Now let's say I want to predict how likely people are to walk to the center of the neighborhood. Walking, as is instinctively evident, is very sensitive to distance. If you have to go next door, you are going to walk all the time (unless you live in a rural area where the next door is a couple of kilometers away). But as distance increases, the probability of walking decreases quickly. I have tried but failed to find data showcasing walking mode according to distance relevant to this thought experiment, so I just made this curve. NOTE: do not quote me on this curve, I literally pulled it out of my ass, just going by what I think should be true.

Using the two previous graph and the data at their base, I calculated the total probability of walking for the entire population by taking each slice of the neighborhoods and multiplying the population by the probability of walking based on average distance to center. This is what I obtained as a result:

Uniform density: 26% probability of walking to center
Varying density: 36% probability of walking to center

The reason is simple: though overall the second neighborhood is less dense, since it's much denser in the center, more people live really close to the central area than in the uniformly dense neighborhood, where density is even lower in the center than farther out because building height is the same everywhere but retail occupies a large part of the floor area in the center. And since the probability of walking is much higher if distance is smaller, then it's much better if you can get as many people to live as near to the concentration of destinations as possible.
Cumulative population living within distance of center
Note also that the average density I calculated previously was the typical average density, dumbly dividing total population by total area. This is not very representative of the density the average person experiences. It is much better to calculate weighted density. This gives more weight to denser areas. Calculating is means dividing the area into smaller blocks, calculating the density of each of these blocks, multiplying the density by the population, adding all these totals together and dividing by the total number of people.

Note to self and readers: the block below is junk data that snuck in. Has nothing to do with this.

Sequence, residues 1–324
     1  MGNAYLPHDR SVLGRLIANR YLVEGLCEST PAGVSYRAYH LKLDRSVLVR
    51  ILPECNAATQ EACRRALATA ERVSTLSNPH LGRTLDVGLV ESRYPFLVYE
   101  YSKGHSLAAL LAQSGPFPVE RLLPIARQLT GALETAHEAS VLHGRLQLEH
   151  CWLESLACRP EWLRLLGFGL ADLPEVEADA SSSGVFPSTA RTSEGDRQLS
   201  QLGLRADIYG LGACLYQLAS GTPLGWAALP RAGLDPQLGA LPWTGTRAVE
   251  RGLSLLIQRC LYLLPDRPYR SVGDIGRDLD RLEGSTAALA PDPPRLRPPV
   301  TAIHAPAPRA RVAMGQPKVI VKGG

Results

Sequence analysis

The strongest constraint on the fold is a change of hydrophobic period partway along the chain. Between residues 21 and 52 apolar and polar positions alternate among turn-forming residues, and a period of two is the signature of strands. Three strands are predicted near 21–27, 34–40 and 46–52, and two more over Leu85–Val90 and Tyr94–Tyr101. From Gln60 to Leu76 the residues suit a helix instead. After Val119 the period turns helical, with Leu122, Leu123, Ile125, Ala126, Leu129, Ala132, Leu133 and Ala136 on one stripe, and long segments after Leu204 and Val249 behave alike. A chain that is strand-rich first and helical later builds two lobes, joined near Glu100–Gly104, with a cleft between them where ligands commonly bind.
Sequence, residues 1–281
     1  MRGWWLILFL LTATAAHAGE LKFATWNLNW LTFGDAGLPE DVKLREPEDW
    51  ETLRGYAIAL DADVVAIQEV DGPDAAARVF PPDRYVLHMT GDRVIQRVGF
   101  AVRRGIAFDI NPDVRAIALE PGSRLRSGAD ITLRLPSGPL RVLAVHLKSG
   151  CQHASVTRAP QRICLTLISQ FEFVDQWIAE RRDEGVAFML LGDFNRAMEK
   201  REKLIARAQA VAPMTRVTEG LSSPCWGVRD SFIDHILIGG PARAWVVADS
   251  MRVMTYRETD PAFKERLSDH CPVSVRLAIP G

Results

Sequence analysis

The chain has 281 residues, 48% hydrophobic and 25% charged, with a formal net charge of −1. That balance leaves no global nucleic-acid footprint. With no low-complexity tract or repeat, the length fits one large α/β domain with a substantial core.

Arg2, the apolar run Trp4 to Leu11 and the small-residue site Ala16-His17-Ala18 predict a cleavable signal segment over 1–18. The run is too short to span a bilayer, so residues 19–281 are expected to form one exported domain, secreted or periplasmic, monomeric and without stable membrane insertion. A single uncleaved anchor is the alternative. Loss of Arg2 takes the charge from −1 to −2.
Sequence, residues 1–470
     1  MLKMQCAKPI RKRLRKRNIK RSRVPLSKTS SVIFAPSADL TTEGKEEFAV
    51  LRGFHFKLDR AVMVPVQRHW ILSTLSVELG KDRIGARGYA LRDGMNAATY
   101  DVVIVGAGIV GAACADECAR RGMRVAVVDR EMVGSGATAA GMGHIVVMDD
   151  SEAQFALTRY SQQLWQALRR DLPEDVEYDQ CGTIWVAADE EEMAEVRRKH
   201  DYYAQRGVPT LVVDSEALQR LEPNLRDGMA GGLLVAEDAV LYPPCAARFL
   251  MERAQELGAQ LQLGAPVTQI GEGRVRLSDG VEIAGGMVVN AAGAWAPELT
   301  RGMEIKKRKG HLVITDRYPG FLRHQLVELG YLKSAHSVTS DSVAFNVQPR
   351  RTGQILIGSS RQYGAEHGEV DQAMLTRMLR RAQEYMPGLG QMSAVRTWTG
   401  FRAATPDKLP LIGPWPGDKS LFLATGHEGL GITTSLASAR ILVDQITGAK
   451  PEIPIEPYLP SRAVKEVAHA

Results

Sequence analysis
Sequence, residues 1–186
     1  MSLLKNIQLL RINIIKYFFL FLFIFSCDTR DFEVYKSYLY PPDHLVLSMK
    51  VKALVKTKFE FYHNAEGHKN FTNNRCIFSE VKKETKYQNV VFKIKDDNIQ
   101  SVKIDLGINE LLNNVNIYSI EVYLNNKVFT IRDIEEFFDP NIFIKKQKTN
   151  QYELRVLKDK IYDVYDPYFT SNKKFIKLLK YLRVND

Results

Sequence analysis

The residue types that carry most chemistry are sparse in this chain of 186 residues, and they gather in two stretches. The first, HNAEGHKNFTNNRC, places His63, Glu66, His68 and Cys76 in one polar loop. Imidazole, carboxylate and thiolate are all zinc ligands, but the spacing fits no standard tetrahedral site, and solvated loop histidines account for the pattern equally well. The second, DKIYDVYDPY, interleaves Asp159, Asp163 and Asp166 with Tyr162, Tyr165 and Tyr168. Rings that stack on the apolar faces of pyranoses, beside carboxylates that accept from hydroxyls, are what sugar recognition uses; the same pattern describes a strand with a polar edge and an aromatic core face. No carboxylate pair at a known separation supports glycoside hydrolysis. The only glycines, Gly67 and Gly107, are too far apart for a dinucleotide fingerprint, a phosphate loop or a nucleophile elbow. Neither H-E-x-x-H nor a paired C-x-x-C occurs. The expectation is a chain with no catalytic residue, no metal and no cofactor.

Visually, it means this: If I plot the density of neighborhoods over the cumulative population of the two neighborhoods:
 ...the weighted density is the value for which the areas between the curve and the value equal out top vs bottom (here, the light blue and dark blue areas both are of the same size).

Doing it this way, the weighted density of the uniformly dense neighborhood is 9 900 per square kilometer, and 10 700 for the neighborhood of varying density. It reverses the previous averaging result, and is a better representation of the average density people live at.

Of course, this works if the higher density areas are near the commercial area/train station/other common destinations of trips. If density varies, but is less near the center and higher at the fringe (like, you know, Radisson station in Montréal), this is far worse than the uniform density case.

And indeed, this impact of density distribution seems to have measurable impacts. Whereas Tokyo's subway lines have respectively riderships of 12 and 8 million riders per km of track, London's Tube only has a ridership of 3 million riders per km of track per year. Another impact is that buses in Tokyo have very low ridership, but in London, since people live on average farther from subway stations due to the absence of high-density multi-family housing near most of them, buses are more used than subways, however bus trips are very short (1,6 mile on average in 2001 according to this data... sounds like a last mile problem).


As the most efficient mode of transport is walking and walking is very distance-sensitive, if we want to maximize the mode share of walking trips, then it is important to be ready to allow higher density developments near popular destinations: offices, groceries, transit stations, etc... The idea of uniform density, if it appeals to some's sense of aesthetics, is not as efficient and it doesn't respond to people's actual desires, with the supply of housing in highly desirable areas being artificially limited to be equal to the supply of housing in undesirable areas of the same size. More efforts should be put towards increasing density significantly near commercial/job/transit nodes rather than increasing the density of all neighborhoods at once.


  1. I think the reason you can't find a good metric on walk mode versus distance is because distance isn't the only factor, environment plays a big role too. One can walk for miles through the streets of a Paris without blinking an eye, but try to cross a 9-lane suburban arterial stroad to get from Wal-Mart's parking lot to Applebee's, which may only be a few hundred feet, and it just won't happen. Steve Mouzon has written a fair bit on this "walk appeal" aspect.